a database of both lesser & well-known rocks and outcrops
Search Map East Dartmoor Geology About The Team Facebook

Watern Tor

Watern Borough, Walter Tor, Waterdon Tor, Waterdontor, Waterdontorr, Walterydonne

The name of 'Watern Tor' refers to all the outcrops on the northern spur of Watern Down. However, the best-known feature is the 'Thirlstone' in the most northern section which affords a lovely view through its gap. We have created a separate page for that, linked here. Watern is one of the most spectacular rock formations on Dartmoor and, in the past, has been called Walter Tor and even Watern Borough, most notably by Crossing. It is believed that 'Watern' is a corruption of 'Water' meaning 'Watery Down' which seems quite appropriate when you take into account that the hillside is damp in places draining into the Walla Brook as it passes through Watern Combe.

Due to its unique formations that are quite unlike those seen at most other tors on Dartmoor, authors have taken to the rocks admirably, including Hemery who goes on to explain; "Seen from far and wide, the four cohesive but remarkably weathered piles of the tor, each a huge block with close-packed horizontal jointings, render it unmistakable." Rowe also remarks that; "Watern Tor is one of the many remarkable natural formations of the granite rock which will repay a more particular examination. It consists of a series of piles, rising from the ridge of the hill, the stratification of which presents the appearance of laminar masses, in a horizontal position." Whilst the Thirlstone at the north end may command the most attention, the various outcrops on the south side are stunning, too, presenting as tall granite blocks with close jointings that sets this tor apart from others on the moor and in the vicinity. Other than being a popular checkpoint for the annual Ten Tors Challenge, the tor is a boundary point on the 1240 Perambulation.

Accessing Watern Tor is not as straightforward as it might seem at first when consulting a map, as it is almost entirely surrounded by water; to the west and north by the Walla Brook, to the north-east by the bogs of Gallaven, to the east by the North Teign and to the south-east by Hugh (Hew, Wood) Lake. This means that after heavy rainfall the most sensible route to take is from the clapper bridge at Teignhead Farm, following a ruined newtake wall along the top of Manga Hill to a stile just below the cairn by the summit spot height of the Down. From there it is a short stroll northward to the tor. Alternatively, the Manga Rails that span the North Teign to the east-south-east of Watern Tor are part of a popular route by following the newtake wall that ascends the steep east slope. Whatever route you choose, approaching Watern Tor you will see that it is a tor of unparalleled beauty that really cannot compare to any other.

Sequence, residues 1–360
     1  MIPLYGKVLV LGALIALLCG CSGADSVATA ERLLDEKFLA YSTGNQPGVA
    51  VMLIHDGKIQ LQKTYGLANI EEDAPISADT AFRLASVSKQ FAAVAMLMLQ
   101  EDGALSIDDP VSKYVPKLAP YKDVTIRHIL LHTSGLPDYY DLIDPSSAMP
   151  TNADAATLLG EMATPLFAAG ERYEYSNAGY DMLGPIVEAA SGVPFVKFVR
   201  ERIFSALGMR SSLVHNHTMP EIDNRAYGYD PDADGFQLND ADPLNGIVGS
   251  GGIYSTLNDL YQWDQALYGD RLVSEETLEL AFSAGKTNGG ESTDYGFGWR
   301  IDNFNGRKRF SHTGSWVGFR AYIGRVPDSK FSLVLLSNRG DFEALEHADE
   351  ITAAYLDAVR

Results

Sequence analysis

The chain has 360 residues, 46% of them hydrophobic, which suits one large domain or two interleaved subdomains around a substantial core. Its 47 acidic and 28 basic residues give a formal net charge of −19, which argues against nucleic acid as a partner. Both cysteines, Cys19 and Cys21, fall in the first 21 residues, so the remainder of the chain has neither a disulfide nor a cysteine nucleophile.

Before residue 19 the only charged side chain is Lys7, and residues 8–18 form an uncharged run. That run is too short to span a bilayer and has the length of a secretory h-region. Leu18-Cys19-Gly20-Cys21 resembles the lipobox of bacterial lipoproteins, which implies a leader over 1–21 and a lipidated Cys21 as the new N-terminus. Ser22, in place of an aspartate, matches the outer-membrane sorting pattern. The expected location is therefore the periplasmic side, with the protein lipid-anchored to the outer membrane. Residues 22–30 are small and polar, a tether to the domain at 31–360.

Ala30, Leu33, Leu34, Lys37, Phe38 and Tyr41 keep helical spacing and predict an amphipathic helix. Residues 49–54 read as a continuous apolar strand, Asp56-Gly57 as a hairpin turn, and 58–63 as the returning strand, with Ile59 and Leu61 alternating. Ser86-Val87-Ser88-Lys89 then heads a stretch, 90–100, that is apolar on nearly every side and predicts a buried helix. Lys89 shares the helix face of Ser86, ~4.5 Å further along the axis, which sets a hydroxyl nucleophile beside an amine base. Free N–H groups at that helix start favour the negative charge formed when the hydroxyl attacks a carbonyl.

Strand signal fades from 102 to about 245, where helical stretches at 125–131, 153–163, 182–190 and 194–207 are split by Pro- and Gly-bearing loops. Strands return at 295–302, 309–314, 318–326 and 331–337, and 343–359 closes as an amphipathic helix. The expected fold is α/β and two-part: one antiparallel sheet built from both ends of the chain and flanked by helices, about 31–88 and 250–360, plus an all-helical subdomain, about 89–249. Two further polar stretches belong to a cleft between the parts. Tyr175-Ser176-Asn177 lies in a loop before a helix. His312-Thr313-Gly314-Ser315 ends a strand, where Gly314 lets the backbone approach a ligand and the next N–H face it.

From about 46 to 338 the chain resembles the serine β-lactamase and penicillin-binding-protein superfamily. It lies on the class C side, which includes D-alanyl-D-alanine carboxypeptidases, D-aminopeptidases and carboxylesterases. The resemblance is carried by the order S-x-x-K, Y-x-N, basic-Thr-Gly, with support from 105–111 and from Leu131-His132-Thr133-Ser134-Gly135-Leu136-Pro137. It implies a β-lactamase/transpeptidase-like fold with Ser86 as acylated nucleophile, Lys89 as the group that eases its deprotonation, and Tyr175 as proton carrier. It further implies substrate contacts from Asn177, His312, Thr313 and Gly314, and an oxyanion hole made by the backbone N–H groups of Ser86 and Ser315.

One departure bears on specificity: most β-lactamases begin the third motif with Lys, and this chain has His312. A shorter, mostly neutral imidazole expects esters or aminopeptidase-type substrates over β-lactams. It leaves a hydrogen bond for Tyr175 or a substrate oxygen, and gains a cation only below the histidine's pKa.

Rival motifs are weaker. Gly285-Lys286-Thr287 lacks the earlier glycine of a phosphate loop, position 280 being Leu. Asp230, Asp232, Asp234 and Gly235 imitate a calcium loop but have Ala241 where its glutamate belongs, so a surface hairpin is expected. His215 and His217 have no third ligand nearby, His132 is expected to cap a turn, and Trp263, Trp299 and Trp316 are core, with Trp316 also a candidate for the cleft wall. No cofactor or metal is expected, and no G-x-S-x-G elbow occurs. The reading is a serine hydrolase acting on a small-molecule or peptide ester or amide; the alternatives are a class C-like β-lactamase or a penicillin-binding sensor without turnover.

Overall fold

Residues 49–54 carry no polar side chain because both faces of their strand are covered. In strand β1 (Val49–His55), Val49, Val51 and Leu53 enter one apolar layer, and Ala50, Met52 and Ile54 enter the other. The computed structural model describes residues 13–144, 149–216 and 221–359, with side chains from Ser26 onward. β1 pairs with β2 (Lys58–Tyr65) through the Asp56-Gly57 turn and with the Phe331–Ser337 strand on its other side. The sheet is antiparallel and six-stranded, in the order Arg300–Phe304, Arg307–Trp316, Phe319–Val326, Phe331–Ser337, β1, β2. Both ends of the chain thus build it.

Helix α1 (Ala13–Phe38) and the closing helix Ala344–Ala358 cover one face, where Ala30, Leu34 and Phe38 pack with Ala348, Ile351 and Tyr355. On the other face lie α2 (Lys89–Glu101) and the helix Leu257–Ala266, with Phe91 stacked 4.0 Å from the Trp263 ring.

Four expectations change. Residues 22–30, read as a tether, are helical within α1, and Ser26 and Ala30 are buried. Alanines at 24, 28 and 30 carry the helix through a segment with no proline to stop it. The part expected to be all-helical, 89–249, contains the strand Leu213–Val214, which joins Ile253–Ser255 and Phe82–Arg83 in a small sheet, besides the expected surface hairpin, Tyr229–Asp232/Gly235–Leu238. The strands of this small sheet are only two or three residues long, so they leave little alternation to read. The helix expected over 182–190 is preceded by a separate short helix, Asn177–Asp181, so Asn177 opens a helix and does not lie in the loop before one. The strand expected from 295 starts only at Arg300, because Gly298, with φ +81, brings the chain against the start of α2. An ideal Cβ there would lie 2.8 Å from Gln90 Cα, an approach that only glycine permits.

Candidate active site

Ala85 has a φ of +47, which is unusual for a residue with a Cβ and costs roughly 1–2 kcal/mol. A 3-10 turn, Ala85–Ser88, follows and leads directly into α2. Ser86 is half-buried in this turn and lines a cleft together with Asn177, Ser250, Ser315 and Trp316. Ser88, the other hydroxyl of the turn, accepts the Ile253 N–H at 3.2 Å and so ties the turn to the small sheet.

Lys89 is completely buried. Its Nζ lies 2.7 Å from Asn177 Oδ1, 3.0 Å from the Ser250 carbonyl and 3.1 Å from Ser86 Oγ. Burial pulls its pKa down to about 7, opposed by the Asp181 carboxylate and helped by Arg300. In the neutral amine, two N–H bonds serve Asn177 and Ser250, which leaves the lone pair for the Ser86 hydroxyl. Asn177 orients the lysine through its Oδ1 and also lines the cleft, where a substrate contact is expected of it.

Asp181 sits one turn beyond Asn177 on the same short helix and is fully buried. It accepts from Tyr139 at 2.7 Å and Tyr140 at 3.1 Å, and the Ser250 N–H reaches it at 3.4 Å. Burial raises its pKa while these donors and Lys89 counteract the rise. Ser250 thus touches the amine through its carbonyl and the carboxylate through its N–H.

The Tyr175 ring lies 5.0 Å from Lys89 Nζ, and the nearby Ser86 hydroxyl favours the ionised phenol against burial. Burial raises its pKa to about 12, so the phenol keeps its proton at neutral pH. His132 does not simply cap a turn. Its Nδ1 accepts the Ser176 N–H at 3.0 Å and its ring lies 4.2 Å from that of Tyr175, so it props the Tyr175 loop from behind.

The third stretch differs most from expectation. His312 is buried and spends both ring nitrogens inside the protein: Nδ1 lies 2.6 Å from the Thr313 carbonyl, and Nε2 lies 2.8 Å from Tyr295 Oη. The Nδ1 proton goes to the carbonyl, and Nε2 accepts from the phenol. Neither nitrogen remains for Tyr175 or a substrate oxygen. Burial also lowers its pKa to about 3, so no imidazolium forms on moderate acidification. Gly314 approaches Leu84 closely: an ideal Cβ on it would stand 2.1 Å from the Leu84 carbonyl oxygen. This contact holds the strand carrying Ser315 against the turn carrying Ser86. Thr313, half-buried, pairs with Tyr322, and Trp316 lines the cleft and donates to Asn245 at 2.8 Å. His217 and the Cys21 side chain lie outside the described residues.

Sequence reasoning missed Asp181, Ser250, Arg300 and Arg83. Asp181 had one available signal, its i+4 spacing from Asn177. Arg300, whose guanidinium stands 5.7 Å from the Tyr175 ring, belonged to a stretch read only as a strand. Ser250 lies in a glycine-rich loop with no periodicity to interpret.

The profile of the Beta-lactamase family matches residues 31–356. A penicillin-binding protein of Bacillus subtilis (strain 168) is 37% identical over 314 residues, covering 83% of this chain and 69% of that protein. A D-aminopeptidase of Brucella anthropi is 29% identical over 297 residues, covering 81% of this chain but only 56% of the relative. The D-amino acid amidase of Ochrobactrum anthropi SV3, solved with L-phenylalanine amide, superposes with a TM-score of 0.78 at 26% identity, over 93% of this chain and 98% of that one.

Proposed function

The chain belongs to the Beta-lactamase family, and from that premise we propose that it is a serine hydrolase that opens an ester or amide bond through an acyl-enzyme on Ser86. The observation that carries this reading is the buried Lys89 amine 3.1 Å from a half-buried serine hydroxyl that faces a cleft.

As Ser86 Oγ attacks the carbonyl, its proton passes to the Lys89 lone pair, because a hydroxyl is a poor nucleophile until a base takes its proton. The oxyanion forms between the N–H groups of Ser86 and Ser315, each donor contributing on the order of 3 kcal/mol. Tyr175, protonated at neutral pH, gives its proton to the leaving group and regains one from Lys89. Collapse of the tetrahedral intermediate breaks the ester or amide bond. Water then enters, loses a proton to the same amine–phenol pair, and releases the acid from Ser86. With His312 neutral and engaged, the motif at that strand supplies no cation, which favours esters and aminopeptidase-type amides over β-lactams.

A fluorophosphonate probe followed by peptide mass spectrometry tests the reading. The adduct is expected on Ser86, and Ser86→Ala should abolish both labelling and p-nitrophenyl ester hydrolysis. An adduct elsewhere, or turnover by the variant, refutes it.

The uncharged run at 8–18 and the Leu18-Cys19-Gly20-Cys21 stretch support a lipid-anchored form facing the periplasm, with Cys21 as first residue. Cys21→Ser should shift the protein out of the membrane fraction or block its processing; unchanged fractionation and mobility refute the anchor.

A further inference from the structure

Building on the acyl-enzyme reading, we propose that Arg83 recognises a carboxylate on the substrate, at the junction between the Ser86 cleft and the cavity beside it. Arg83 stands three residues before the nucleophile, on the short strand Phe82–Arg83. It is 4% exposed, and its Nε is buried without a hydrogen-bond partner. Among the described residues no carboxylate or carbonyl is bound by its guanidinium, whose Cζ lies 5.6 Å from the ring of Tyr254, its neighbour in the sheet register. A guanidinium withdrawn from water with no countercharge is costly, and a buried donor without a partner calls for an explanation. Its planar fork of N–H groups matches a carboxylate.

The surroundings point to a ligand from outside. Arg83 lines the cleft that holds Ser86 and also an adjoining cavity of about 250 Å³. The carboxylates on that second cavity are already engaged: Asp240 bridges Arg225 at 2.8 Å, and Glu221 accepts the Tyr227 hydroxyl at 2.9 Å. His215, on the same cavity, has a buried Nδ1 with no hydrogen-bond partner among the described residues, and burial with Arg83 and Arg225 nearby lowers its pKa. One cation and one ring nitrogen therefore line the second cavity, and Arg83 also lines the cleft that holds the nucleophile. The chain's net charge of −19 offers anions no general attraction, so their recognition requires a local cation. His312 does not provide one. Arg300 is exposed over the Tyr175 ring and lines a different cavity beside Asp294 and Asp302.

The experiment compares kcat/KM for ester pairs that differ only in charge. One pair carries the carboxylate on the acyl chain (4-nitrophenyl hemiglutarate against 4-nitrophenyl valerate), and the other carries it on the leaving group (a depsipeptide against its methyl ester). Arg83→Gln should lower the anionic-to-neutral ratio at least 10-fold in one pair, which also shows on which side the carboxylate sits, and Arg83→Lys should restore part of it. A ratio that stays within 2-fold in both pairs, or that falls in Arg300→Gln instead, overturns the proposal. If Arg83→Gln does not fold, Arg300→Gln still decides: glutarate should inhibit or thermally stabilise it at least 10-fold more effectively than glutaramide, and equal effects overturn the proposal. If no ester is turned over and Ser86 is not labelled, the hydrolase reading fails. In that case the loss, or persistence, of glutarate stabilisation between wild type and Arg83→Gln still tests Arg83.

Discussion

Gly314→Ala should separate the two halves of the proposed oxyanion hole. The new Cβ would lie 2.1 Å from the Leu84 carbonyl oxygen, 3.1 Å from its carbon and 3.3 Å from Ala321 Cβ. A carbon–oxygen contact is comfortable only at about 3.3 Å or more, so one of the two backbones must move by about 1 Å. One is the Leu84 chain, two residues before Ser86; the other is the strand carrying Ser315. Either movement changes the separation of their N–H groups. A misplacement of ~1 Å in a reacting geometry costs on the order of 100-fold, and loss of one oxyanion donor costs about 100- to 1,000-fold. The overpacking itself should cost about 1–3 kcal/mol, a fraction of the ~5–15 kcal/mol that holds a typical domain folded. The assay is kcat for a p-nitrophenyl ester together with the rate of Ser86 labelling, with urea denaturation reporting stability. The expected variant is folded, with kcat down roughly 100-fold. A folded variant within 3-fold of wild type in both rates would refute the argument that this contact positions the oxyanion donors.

Watern Tor
The map above is not a navigation tool and we recommend that the grid reference shown below is used in conjunction with an Ordnance Survey map and that training in its use with a compass is advised.
Grid Ref:
SX 6293 8672
Dartmoor Forest
Tor Classification:
Rock Type:
William Crossing
Samuel Rowe
Ordnance Survey
Ordnance Survey Maps
Eric Hemery: High Dartmoor
William Crossing: Guide to Dartmoor
Samuel Rowe: A Perambulation of Dartmoor

Please Support Us

We are proud to see the names of lesser known tors are now being used more commonly on other websites and whilst this is to be encouraged we do request that, should you wish to use the information on this page, you provide a backlink to the website as reference, by copying the relevant address: